Radio… what an awesome thing!

Grundig Majestic I’ve had a fascination with radio for years. My first radio memory was playing with that “big weird radio” my mom had in my childhood. I don’t remember the model but I know it was a Grundig similar to the one I found a photo of (image to the right). I can remember scrolling through the dial and listening to strange things from all over the world, but I never dreamed you could actually talk to those people! I also remember waiting for it to warm up and the wonderful glow from those tubes!
All I really knew about amateur radio was that there was someone in our neighborhood when I was a kid that would periodically interfere with out television set and my mother would grumble about “that d*mn ham” down the street. Needless to say, with an opinion like that I certainly wasn’t inclined to explore that hobby!

I had the typical toy walkie-talkies like a lot of kids had, but they were (obviously) limited. However, as a product of the 70s, I bionic backpackwas a fan of the TV show “The 6 Million Dollar Man” and I had a lot of the accompanying toys. One of those toys was Steve Austin’s “Backpack Radio” which was an honest-to-goodness working crystal radio. I listened to it for hours, partly from the fascination of receiving a radio signal without any batteries! It sparked my first interest in antennas because it had a little metal alligator clip that you attached to a grounded object for signal. I distinctly remember pressing it in to the soft bark of a eucalyptus tree in the neighborhood and getting great reception.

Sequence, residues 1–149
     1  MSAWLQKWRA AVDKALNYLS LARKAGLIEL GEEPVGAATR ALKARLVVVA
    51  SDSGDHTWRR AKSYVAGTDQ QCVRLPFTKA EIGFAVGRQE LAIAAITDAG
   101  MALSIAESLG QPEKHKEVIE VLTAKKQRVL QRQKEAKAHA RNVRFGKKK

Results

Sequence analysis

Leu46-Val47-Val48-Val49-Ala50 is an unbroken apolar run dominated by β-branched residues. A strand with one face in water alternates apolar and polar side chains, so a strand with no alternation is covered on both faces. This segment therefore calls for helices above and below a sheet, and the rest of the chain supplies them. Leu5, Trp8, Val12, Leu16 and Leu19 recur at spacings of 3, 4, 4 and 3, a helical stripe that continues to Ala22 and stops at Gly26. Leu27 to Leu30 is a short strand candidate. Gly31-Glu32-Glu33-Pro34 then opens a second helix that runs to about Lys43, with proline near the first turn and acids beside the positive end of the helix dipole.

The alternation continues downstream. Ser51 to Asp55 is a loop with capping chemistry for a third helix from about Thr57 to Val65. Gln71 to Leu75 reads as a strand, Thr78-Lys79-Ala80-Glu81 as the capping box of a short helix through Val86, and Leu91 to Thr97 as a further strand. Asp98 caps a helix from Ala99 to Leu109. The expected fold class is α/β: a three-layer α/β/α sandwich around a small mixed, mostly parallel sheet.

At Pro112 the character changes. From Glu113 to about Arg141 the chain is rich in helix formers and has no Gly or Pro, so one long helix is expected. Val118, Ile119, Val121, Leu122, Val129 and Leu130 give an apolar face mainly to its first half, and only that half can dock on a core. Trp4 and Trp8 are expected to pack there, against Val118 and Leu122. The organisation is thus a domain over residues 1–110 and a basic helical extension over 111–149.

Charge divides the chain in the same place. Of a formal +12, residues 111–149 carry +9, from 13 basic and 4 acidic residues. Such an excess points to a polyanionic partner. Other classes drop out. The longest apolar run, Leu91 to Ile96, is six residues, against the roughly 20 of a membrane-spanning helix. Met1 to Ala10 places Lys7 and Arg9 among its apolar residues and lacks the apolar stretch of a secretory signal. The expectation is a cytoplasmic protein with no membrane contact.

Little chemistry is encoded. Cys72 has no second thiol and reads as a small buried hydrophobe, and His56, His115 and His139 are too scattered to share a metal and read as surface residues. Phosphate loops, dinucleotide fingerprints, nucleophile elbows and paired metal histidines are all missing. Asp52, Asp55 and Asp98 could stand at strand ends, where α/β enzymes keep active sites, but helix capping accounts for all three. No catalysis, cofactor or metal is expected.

In high school, a friend of mine and I would play with some CB radios we had. We primarily used them when we went camping to locate each other and chat when one of us was out on a trail. Cell phones weren’t an option back then, and probably wouldn’t have worked out in the areas we would frequent anyway. I remember my friend’s dad being involved with REACT, but I really didn’t know much about it.

Fast-forward a looong time and I’m getting interested again in radio in the 1990s. By now, I’ve talked to the local ham radio club at our state fair year after year and I’m intrigued, but the CW requirement intimidated me enough that it took me quite some time before I finally got a training book and put a radio on my wish list for Christmas. That radio, however, was NOT a great choice for a beginner, but I didn’t know that. It was a DIY kit and I’m pretty sure it was a QRP CW kit as well. I got frustrated and never finished building it, and the training book got put on a shelf. I tried to convince a friend of mine to train and get licensed together, but he didn’t seem interested, and I didn’t pursue it.

Finally, in 2014, I heard about the cheap Chinese radios available and I knew that the CW requirement had been lifted, so I decided that it was time to finally “git ‘r done” I did a bunch of self-study online at HamStudy.org and planned to test for my technician license. When I was regularly passing practice tests online, I contacted a local radio club to schedule a test. A friendly VE told me I could test for multiple licenses at one sitting for no extra fee, and said, “As long as you’re testing for technician, why not take the general test also? It’s a lot of the same kind of material and if you know your technician material well, you should be able to pass the general also.” I quickly decided not to limit myself to just technician, and started to study general courses as well. In December 2014, I passed the technician and general exams in one evening, and decided to take the extra test as well, “just because”. I knew I hadn’t studied or prepared for the Extra test, so I didn’t expect to pass it, but I was pleased to get 26 questions right. (far short of the 37 passing score, but I was encouraged!)

Update as of Christmas 2015:
I was the blessed recipient of a previously-loved Kenwood TS-430S and a 40m dipole, so I’m poking around the airwaves and getting to know the ways of HF.